Her administrator was probably her son Burwell Bassett. We can never know the details of her will or the legal details of its settlement, for the New Kent County records were destroyed in the War Between the States as were the James City County records, which would have provided details of her Williamsburg life.
One more notice appeared in the pages of Williamsburg's newspaper; it called for all those with claims against Mrs. Dawson's estate to apply for payment and those indebted to the estate to make prompt payment.61
Elizabeth (Churchhill) Bassett-Dawson (c. 1708-1779) during her residence in Williamsburg lived on land owned by her first husband, Col. William Bassett of "Eltham," New Kent County, which he had inherited from his father, Col. William Bassett, who had purchased the lots in 1717. The original deed of sale dated 14 October 1717 between the Feoffees of the City of Williamsburg and "William Bassett of the County of New Kent Esqr." survives in a photostat in the Swem Library at William and Mary.62 The deed, covering lots 188, 190, 191, 193, 198, and 199 in the original town plat of Williamsburg, was recorded in the James City County Court.63
It is impossible to trace the title to this property through deeds recorded in James City County due to their loss, unless copies have survived, such as the original indenture. It is equally impossible to trace the property through the wills of the Bassett family recorded in New Kent County. The land almost certainly passed from William Bassett the purchaser to his son William Bassett (1709-1742-44), who in turn either left the land to his son Burwell Bassett or gave a life right in the property to his wife Elizabeth. When Elizabeth Bassett-Dawson died in 1779, the property was advertised for sale in the Virginia Gazette. 64 The purchaser is unknown (it may have been William Burwell); however, the property was almost certainly sold for in 1796 Burwell Bassett, Jr. (1764-1811), Mrs. Dawson's grandson, purchased the property now called Bassett Hall, which he would not have done had he owned the old Bassett property.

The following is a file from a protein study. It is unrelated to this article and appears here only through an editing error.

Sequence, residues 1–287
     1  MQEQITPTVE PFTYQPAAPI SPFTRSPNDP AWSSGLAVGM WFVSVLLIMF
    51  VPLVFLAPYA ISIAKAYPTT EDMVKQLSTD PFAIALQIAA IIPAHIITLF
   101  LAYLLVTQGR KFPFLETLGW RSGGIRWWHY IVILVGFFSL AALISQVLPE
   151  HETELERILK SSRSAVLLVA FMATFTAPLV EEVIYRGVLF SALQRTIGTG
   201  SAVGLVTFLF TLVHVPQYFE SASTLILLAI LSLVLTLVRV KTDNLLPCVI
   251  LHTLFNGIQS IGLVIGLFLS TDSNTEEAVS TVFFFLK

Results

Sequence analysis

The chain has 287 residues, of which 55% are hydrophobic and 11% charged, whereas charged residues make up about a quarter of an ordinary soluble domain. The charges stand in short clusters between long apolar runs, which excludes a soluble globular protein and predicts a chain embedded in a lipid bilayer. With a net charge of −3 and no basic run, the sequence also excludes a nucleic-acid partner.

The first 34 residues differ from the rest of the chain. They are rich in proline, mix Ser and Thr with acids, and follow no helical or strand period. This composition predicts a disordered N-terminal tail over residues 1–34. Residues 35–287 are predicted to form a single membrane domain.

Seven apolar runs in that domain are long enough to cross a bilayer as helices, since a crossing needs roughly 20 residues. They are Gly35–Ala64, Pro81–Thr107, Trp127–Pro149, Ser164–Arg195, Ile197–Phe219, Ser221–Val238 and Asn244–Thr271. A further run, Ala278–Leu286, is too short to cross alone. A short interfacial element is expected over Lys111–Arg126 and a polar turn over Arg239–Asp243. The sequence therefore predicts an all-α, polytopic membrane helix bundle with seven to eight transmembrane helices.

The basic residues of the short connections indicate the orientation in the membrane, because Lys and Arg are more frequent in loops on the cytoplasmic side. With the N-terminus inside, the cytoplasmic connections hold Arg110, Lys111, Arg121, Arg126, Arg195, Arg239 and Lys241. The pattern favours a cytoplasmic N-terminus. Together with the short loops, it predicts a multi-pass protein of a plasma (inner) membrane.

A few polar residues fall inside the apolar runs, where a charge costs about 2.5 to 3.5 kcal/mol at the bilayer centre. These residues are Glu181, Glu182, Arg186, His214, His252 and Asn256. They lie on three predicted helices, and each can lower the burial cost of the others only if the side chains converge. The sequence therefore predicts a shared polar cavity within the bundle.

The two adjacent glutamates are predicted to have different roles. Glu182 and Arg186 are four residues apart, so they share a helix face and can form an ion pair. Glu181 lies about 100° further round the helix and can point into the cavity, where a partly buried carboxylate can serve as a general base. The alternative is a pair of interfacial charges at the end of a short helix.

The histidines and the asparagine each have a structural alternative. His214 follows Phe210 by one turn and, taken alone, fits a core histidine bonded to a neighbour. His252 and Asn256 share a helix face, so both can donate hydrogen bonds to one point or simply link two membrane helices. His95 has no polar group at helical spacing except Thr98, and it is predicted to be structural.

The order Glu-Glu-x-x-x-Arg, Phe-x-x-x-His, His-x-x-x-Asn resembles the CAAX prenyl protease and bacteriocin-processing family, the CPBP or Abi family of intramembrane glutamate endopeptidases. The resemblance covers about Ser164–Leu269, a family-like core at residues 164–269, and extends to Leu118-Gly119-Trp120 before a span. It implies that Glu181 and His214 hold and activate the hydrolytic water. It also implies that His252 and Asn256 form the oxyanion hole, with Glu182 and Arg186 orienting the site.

Incontrovertible proof of Mrs. Dawson's Williamsburg residence is provided by the chain of title to Tazewell Hall traced by George Southall in 1848: -16-
By deed dated the 15th October 1778, and recorded in James City County on the 9th Novr. following, the surviving trustees in the two trust deeds above mentioned, viz. John Blair and JamesCocke, in the latter, and JohnSyme, Burwell Bassett and William Fitzhugh in the former deed, united in conveying the said land &c to John Tazewell, of Williamsburg, by the following boundaries and description, viz. "all that aforesaid tract of land lying in the County of James City and part thereof in the City of Williamsburg, containing by estimation 100 acres, more or less, and bounded as follows, to wit: on the North by the street which divides the said land from the lots of William Hunter & Elizabeth Dawson, East by the lands of John Hatley Norton, on the South and West by the lands of John Greenhow, ..." [Tazewell Hall house history] 65So Mrs. Dawson's property was located in James City County north of Tazewell Hall on property belonging to her through marriage into the Bassett family. This property is where the Williamsburg Lodge is now located.